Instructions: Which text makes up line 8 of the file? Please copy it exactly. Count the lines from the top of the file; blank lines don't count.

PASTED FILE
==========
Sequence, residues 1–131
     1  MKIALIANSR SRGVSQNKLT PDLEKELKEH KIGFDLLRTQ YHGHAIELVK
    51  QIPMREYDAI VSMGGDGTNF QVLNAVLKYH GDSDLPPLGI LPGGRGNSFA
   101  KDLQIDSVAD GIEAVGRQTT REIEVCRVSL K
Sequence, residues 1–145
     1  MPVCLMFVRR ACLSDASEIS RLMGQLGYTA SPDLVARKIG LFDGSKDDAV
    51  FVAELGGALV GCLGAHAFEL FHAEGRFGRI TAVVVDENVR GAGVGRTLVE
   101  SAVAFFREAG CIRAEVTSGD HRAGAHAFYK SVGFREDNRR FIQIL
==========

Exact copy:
   101  SAVAFFREAG CIRAEVTSGD HRAGAHAFYK SVGFREDNRR FIQIL